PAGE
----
Safari Journal Part 10

Part 10 of my Safari Journal

Tanzanians Hunting Mouse

We have returned to camp. Solomon is preparing lunch. I sit and write in my journal as I wait. A vervet monkey comes really close and sits down. After I inform him that his younger brother was a meal earlier in the day, he gets up and walks away. I forgot to tell you that when we returned to where the Hadzubes live the other hunters had caught and were cooking a vervet monkey. I actually tried to forget it because the head was kind of looking at me. It was also looking at it’s other half, the cooking body. What if your soul stays with you until your entire body disintegrates? What was he thinking? “Damn, I’m skinny” or “If you would have just asked I know where a whole family of dik-dik’s live” or “So, do I taste like chicken”. What if it wasn’t his time to go? Do you think he comes back in the kitchen of that little kid from the sixth sense?

As I look up into the world I see very many colors here. Greens and browns make up most of the terrain but there are also yellows, from the yellow fever tree’s, and the bright blue of the sky. I wonder what colors the animals’ see, if any? They are camouflaged from us most of the time. A hyena standing near a tree is almost invisible to me. Mongooses on a termite mound can only be viewed when they slink around. What do I look like to them? Do they see the colors of heat radiating from me? Can they see the bright blue aura of my dream coming true? Can they really smell fear? What ever or whomever created the earth really put some time into it. Let’s see…I’ll give the tiny mosquito the power to damage the entire human population and I’ll give the human population the power to destroy everything including themselves. This thought process only defeats me. I have been struggling with “The meaning of life” since I was young and I believe it will contribute to my mental demise. I’d have to say that this one unanswered question is the reason that I do not fear death. I live with the hope that I receive the answer when this life, as I know, it retires. I cannot seem to accept Descartes “I think, therefore I am”. That is a cop-out. He spent most of his life pondering God’s existence, to the brink of his own insanity and then decides that is it easier to accept that there must be a God because he has the power to think. Why was he given the power to wonder about it if he was going to give up so easily? I guess we all set up our own boundaries about what we are willing to accept and on what we will not compromise. OOOPS, another tangent that I have fallen victim to.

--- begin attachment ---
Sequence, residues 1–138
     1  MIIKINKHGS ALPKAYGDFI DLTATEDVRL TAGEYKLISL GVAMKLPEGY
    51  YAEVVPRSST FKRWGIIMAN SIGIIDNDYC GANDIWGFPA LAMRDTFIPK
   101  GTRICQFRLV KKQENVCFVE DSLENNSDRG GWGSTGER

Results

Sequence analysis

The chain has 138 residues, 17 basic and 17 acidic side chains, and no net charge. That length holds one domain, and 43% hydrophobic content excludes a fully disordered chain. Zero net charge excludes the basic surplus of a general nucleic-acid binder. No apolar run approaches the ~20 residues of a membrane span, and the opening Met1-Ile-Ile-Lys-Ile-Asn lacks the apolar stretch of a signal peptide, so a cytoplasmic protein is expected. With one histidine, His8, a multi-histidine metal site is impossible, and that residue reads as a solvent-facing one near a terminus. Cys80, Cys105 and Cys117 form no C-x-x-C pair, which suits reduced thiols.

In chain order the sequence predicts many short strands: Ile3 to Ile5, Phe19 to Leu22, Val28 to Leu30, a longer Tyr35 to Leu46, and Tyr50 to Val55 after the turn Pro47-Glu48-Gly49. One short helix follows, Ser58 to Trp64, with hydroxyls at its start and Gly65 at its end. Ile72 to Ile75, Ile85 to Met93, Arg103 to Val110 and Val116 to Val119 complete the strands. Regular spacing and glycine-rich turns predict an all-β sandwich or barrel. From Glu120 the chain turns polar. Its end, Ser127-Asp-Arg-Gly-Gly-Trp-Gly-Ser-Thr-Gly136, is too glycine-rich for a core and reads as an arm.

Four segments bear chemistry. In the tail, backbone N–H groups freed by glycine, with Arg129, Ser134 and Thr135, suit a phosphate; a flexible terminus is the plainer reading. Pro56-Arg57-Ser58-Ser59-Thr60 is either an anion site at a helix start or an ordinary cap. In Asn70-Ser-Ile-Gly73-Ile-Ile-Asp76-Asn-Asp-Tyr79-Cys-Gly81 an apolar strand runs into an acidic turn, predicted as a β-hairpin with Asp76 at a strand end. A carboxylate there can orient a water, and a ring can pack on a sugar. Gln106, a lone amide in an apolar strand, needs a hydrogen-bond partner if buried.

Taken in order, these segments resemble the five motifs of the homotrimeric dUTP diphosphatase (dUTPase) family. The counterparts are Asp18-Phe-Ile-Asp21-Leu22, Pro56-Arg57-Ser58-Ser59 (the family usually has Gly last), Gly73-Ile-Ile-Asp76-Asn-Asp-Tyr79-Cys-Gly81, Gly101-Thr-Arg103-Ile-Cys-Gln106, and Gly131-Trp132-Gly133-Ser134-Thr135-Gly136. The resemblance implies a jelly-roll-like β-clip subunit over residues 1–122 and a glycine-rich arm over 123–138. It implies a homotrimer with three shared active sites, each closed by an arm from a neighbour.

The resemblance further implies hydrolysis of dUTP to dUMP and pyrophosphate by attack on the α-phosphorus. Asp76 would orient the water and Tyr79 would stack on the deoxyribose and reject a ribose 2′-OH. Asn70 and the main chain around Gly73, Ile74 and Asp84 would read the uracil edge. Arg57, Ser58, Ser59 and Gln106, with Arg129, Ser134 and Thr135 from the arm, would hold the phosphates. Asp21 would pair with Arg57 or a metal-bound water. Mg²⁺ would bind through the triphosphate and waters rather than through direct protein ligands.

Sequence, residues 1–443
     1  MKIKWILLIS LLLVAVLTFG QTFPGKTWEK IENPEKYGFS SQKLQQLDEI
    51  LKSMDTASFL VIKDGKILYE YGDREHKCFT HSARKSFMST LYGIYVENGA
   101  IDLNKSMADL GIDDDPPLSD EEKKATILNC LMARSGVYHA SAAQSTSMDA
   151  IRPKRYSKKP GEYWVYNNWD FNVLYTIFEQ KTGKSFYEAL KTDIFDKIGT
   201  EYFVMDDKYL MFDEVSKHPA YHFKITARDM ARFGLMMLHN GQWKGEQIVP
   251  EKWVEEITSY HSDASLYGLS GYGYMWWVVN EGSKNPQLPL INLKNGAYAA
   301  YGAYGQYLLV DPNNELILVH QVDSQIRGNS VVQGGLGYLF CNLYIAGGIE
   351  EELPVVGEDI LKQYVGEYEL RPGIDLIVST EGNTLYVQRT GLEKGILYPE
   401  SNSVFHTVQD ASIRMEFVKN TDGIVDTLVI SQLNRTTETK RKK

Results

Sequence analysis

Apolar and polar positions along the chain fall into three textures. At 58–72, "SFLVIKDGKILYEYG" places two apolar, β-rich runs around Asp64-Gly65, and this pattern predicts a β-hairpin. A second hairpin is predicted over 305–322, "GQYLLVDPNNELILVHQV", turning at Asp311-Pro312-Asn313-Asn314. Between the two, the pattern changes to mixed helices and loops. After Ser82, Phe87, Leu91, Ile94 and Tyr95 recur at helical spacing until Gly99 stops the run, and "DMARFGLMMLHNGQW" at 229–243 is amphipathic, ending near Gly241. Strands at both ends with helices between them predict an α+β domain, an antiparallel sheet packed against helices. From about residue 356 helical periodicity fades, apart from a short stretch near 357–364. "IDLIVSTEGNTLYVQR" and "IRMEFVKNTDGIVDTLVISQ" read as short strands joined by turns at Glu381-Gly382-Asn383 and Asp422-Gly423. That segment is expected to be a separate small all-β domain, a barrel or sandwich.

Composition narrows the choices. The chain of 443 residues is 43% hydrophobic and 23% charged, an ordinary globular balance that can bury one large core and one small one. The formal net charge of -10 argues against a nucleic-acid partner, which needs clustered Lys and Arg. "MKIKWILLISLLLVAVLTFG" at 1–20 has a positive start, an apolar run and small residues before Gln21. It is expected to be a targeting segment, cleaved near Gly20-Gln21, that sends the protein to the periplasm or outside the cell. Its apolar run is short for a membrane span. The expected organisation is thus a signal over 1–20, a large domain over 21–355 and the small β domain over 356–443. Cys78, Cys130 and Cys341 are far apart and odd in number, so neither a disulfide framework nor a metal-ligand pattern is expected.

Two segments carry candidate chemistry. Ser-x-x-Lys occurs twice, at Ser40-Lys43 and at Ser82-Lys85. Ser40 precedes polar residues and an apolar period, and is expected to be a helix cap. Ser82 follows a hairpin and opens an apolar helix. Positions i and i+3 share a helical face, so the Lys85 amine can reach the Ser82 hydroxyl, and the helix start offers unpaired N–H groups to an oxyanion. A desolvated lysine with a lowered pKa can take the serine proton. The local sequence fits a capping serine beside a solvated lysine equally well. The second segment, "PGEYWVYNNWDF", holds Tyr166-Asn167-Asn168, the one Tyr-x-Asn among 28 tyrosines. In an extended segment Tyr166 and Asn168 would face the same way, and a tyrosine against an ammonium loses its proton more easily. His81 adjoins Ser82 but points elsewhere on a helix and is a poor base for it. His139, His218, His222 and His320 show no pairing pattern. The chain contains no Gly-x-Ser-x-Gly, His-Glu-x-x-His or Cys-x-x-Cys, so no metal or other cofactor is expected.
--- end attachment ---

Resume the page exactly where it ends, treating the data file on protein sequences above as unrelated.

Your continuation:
The next morning, we are taking a walk though an area very close to our campsite. There is a mountain stream that runs throughout the area. All along the banks there are women supporting huge baskets on their heads. They are doing laundry and gathering water for use in cooking. Right across from them are cows and burrows drinking from the same source. This stream gives life to many. As we continue there are fields of green. Gebra tells us that these are the onion fields. One major crop in Tanzania is red Bombay onions; this explains why they are in my breakfast, lunch and dinner. People are working in the fields, everything is done by hand. Nowhere in sight is a puff of smoke coming from a tractor or plow. A fifty-pound bag of onions gets about three dollars. The people working the fields would not believe that during certain seasons in the U.S. one onion could cost almost as much.

Several children walk by to see what we are doing. I take my micro-cassette recorder out of my backpack and they gather around. I record “Jina langu Kimberly” and play it back for them. Their eyes get as big as saucers, they have never seen or heard anything like this. I offer the recorders mic to one young boy and say my name is Kimberly again; this time he follows me up with “Jina langu Joseph”. I rewind the tape and play it back for him. Joseph has never heard his own voice recorded before. The children now all want to participate. I record them all. They are giggling and the sound is sweet to my ears. After several times of recording and playing back they start to say “Jina langu Meathead” or something because after they do they all start laughing really loud. I warn them that it’s not nice to say bad words. They have no idea what I am saying so they continue playing with me. Our group is moving on so I must leave the children. It was nice to have someone my own age to play with!

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